West Coast Solutions (WCS) and teammate Creare are developing the Compact Cryocooler Electronics (CCCE) to meet NASA’s need for highly miniaturized, radiation hard electronics to pair with small cryocoolers for space missions. Based on the Phase I results, the CCCE is projected to achieve a package size of 4 in3 for a power level of 25W, representing a stunning 75% volume reduction versus competing technology.
Small (~ 300 g) cryocoolers are already available with more in development which are capable of supporting infrared sensing on very small satellites, all the way down to 2U (10 x 10 x 20 cm). CCCE makes relevant to the small sat industry the recent tactical cryocooler developments focused on hot midwave infrared (HMWIR), nominally 120K to 150K operation.
West Coast Solutions, teamed with Creare, is applying decades of industry-leading experience and success in novel cryocooler electronics solutions to the development of the industry’s first radiation hard CCE targeting this new class of low voltage, low power cryocoolers. For missions requiring a high performance, long-life space cryocooler, the CCCE is paired with the LM Space Micro Pulse Tube. Longer term, the proposed effort is strongly leveraged by ongoing Missile Defense Agency-funded small satellite cryocooler development efforts to improve even further upon the current state of the art in miniature coolers, extending the applicability of this proposed research to long wave infrared (LWIR).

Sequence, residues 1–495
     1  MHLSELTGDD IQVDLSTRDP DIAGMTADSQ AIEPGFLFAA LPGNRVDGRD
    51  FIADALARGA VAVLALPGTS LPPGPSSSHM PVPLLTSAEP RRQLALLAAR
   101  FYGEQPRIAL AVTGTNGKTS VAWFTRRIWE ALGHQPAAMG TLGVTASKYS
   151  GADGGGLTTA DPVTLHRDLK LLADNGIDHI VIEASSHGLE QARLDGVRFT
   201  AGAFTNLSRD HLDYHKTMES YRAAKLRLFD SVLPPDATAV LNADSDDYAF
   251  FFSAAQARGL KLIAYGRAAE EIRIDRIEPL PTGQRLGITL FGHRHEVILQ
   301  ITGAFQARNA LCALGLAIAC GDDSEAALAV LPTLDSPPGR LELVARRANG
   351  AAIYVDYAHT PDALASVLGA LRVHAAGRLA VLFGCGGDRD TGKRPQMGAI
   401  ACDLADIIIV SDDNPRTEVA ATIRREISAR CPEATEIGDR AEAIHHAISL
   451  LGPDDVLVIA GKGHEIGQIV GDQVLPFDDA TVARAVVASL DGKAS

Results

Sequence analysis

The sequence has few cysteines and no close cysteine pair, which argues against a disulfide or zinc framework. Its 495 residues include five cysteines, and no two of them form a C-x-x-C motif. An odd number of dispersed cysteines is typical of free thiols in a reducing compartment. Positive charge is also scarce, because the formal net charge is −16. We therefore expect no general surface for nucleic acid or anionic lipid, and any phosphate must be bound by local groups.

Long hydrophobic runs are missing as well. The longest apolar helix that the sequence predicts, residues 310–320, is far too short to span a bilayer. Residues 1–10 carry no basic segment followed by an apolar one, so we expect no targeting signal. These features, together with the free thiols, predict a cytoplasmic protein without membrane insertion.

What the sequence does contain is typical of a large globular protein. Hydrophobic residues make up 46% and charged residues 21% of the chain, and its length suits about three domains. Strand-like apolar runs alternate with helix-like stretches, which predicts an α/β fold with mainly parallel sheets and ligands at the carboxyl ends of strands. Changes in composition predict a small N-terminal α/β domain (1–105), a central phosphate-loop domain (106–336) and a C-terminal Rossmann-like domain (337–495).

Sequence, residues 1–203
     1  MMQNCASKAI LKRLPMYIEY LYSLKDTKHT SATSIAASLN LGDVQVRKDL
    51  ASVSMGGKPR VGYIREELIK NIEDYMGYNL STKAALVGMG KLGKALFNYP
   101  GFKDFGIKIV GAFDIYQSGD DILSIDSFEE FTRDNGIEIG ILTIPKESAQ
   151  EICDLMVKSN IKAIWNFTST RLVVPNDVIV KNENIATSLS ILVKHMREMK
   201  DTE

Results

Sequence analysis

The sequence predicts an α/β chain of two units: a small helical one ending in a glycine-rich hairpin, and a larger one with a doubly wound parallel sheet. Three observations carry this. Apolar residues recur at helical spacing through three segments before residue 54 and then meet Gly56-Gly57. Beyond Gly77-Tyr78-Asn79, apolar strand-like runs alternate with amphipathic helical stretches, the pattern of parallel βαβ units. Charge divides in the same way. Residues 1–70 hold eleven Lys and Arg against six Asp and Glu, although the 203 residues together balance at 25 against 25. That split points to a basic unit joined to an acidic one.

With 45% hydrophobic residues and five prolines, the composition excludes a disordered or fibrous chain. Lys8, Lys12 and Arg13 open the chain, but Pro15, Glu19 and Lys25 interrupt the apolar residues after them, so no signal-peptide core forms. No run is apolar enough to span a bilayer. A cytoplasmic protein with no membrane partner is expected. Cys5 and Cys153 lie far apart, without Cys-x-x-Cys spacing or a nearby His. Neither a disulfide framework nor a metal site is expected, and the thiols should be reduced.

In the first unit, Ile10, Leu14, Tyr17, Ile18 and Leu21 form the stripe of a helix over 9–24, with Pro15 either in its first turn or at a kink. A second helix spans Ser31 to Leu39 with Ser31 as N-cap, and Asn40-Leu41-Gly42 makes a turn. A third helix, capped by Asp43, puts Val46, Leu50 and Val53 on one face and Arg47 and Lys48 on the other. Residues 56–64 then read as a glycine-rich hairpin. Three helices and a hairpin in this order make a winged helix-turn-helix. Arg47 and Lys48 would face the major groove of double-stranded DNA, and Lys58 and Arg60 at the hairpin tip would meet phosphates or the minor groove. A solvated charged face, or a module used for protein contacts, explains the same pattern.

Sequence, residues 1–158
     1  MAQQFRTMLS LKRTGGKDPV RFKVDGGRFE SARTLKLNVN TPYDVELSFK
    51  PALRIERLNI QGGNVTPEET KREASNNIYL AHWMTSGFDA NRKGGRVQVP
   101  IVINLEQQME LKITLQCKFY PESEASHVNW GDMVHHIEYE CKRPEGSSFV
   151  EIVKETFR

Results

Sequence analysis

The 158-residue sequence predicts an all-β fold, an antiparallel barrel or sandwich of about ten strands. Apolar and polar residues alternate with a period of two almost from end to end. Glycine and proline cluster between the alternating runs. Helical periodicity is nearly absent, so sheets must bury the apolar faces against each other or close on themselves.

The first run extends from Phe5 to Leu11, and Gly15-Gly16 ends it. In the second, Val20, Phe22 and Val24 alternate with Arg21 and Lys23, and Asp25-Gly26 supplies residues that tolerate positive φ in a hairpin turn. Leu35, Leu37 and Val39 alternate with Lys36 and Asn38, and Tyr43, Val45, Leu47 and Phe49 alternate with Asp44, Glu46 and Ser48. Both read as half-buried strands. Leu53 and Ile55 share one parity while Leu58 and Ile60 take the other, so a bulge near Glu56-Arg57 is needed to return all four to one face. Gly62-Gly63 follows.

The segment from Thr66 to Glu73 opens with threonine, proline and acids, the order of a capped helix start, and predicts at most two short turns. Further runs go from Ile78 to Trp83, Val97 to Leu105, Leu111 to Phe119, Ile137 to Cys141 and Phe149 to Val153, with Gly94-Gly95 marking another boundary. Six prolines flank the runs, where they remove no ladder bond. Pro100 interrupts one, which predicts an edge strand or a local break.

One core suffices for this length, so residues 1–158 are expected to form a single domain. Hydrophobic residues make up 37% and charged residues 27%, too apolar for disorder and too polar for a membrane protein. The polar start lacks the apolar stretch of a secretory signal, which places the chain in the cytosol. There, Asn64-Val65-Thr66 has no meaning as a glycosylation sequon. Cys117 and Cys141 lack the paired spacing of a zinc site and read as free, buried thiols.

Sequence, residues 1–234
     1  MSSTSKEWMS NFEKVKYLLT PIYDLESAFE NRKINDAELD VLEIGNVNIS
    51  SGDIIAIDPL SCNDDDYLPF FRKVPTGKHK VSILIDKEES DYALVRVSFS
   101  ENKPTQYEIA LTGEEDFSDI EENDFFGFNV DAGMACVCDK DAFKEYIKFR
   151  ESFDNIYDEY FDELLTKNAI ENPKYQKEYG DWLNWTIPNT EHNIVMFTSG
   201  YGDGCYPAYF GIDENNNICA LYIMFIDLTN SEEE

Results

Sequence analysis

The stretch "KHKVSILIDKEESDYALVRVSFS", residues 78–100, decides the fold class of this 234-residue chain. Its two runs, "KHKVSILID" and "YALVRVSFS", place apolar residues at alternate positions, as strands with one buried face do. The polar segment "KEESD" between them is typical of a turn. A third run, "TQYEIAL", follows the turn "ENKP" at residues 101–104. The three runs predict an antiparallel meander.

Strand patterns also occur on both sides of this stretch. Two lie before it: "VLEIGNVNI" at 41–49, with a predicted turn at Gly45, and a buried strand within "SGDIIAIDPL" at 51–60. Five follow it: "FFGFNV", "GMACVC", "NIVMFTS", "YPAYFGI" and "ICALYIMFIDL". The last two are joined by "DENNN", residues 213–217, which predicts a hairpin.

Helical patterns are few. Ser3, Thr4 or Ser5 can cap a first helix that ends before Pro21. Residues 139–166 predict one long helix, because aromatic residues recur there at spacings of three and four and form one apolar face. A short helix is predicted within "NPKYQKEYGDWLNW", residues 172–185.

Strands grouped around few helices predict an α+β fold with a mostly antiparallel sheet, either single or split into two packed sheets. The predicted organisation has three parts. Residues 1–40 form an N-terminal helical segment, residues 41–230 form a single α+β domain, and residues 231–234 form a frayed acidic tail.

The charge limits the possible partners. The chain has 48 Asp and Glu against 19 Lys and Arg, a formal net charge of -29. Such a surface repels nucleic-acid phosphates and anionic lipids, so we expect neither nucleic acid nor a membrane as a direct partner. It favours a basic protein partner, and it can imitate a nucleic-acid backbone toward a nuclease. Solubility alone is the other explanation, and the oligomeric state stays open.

During Phase I the brassboard electronics was successfully tested with five different small cryocoolers, including the Micro PT. Progress in Phase I has the CCCE Team on track to complete the development through TRL 6 Qualification Testing in Phase II, which could lead to flight opportunities as soon as late 2022.
Any spaceborne infrared sensor requiring use of a small cryocooler, such as for Earth imaging, planetary exploration, space-to-space viewing, Artemis program, etc.
This technology is of great interest to the Department of Defense as it pursues its Resiliency through Disaggregation approach by which one or few large satellites are replaced with a large constellation of small satellites.